Israeli Salad

In some places in America, people will call anything leafy topped with Ranch dressing a salad. As for traditional Israeli salad, that’s a different story. Made with tomatoes, cucumbers, onions, bell peppers, lemon juice, olive oil, tahini, and zaatar, this classic chopped salad is a delicacy made everywhere in Israel.

Of course, you can’t have a classic without some modern variations like a Beefed Up Israeli Salad (no actual beef included) or Israeli Fruit Salad. Also on the sweet and modern side: Eggplant Maple and Soy Sauce Salad. Or now that quinoa is kosher, how about a One Bowl Summer Salad with quinoa, peaches, and mint lime dressing.


A Middle Eastern favorite, shawarma is a popular street food in Israel. Thin cuts of lamb, chicken, beef, or mixed meats are stacked on a vertical rotisserie, then sliced and served on pita. 

Modern variations offer healthier carbless alternatives, without pita, like Chicken Shawarma Lettuce Wraps, Shawarma Stuffed Peppers, Grilled Chicken Shawarma Salad  and Chicken Shawarma Sheet Pan Dinner


Introduced to Israelis by Iraqi Jews, the traditional Israeli sabich (or sandwich) contains fried eggplant, egg, hummus, Israeli salad, mango pickle, and various condiments in a pita. Another street food classic, it is often eaten on Shabbat.

While the classic sabich is delicious as-is, creative chefs have come up with an array of gourmet alternatives like this Sabich Crostini appetizer, a Fried Green Tomato Sabich and even Sabich Latkes.


Speaking of latkes, they weren’t always for Chanukah. According to PBS, they actually descended from Italian pancakes and were first associated with Jews in the 1300s. Potato latkes, such as this tasty recipe from Birthright Israel alumna Aliaksandra Sukharuchkin, originated with Ashkenazi Jews in the 1800s.

How about some not-so-traditional latkes? You can make these yummy fried pancakes with anything from butternut squash to salami, even crispy rice. Sriracha lovers will love topping potato latkes with this Sriracha Cheddar Sauce or better yet, you can ditch the potatoes altogether and opt for Ramen Latkes with Sriracha Mayo. It’s a rare occurrence for Hanukkah and Thanksgiving to overlap, but next time it does you can be prepared with Spiced Sweet Potato Latkes.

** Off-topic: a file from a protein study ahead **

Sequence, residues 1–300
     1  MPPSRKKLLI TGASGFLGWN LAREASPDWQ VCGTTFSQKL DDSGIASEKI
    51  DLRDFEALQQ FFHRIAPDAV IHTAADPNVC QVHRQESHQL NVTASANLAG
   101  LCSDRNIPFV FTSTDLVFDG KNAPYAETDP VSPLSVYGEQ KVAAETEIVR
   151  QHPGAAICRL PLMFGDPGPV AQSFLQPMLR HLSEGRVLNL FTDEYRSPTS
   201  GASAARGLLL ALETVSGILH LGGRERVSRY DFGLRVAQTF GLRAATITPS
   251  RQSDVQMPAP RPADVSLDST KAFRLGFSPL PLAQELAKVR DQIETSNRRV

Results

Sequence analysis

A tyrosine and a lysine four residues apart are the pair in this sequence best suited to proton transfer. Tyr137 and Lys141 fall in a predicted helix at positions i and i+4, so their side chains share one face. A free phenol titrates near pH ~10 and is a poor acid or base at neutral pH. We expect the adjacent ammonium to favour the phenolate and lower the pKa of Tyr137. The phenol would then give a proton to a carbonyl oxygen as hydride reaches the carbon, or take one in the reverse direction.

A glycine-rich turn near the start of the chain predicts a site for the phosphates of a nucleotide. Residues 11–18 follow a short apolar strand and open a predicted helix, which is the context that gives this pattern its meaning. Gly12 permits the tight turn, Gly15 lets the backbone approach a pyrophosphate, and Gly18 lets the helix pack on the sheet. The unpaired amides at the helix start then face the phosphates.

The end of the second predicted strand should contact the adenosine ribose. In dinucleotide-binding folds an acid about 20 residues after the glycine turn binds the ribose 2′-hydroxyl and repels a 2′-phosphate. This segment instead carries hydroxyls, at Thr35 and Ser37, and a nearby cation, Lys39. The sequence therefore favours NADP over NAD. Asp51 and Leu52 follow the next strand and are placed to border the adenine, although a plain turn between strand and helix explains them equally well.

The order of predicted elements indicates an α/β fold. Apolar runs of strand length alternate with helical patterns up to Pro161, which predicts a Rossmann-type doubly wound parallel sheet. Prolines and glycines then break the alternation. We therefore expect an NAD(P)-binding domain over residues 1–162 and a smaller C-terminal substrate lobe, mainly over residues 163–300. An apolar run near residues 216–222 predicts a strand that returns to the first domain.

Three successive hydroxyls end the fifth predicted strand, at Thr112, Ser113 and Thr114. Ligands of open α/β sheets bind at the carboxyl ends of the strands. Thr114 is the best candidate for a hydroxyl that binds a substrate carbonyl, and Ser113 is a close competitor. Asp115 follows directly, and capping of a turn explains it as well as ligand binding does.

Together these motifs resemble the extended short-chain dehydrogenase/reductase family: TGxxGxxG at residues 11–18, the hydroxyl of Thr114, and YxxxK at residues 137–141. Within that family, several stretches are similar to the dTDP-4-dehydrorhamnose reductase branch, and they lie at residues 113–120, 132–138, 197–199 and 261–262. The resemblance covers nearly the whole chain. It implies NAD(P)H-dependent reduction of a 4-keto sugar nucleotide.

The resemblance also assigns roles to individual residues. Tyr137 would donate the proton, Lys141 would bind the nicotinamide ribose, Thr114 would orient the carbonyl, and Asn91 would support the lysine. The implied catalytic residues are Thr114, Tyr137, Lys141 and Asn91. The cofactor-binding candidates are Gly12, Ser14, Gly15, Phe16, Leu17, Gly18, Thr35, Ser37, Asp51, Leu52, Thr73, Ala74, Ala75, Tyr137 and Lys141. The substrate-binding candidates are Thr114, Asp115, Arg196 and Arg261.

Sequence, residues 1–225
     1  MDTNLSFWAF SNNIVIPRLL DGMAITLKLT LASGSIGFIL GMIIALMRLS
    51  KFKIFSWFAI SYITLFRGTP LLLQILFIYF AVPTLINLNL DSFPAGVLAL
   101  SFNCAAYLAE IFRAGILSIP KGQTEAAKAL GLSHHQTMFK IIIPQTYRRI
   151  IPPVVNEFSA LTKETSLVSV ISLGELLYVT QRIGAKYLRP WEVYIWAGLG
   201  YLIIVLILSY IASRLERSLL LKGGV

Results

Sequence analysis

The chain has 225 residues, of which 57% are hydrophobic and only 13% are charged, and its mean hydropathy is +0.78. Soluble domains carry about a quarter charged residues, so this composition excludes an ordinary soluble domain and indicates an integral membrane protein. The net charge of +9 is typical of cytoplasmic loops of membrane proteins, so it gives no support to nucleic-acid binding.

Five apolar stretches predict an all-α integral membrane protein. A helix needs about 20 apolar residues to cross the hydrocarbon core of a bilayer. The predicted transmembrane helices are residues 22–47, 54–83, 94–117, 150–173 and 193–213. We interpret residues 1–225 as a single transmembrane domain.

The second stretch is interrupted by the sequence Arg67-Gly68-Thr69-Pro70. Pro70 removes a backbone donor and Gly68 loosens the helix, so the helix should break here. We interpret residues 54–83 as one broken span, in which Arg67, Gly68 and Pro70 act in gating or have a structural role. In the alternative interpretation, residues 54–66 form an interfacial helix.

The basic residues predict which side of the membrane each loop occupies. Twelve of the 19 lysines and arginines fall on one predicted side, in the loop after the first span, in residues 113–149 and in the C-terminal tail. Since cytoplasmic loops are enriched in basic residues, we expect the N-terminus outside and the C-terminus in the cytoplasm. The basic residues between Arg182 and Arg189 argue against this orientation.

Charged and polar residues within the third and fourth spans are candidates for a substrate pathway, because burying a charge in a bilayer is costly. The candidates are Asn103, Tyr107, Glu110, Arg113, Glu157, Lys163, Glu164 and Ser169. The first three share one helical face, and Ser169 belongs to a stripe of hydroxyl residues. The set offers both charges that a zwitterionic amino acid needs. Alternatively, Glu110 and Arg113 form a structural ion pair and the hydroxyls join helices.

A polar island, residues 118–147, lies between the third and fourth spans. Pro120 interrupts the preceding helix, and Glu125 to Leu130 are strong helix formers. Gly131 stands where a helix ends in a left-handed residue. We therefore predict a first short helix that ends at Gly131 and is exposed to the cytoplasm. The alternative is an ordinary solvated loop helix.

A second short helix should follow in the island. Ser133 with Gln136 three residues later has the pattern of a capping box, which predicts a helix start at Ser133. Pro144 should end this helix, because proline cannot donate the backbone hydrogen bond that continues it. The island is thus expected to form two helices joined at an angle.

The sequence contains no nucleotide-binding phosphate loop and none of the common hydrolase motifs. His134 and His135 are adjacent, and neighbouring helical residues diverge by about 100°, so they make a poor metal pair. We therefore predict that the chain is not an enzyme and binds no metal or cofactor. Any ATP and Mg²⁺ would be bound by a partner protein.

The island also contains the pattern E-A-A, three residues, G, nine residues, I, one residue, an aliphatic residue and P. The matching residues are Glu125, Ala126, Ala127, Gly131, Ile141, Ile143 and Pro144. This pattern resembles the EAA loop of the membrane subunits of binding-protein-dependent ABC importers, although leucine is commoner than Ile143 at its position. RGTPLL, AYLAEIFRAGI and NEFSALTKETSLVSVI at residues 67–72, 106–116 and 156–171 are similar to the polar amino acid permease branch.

Nutritious, sweet, and almost as divisive as gefilte fish (some people love it, some people don’t), halvah is derived from the Arabic word halwa (sweet confection). Originating in the 12th century, it spread across the Middle East and eventually reached Israel. Israeli halvah is widely made in a variety of flavors and distributed throughout Israel and the world.

Halvah is perfect the way it is, but that hasn’t stopped chefs from finding new ways to make it trendy. Restaurants have incorporated it into their menus by blending it into all sorts of foods from ice cream to cookies. There are also many ways to make halvah at home or to incorporate it into other recipes such as Halvah & Ricotta Stuffed Figs. For something both sweet, savory, and sophisticated try this Salted Chocolate Halva Recipe.

Your Recipes 

Do you have the key to the most heavenly hummus, tasty tahini, and scrumptious shawarma? Be sure to share your recipes, both traditional and modern. We might even post it on our blog.

Your Experience Can Help: Whether you’re an alum, family member, or longtime trip leader, sharing your experience can benefit future trip participants! Share Your Story >
Your Experience Can Help: Whether you’re an alum, family member, or longtime trip leader, sharing your experience can benefit future trip participants! Share Your Story >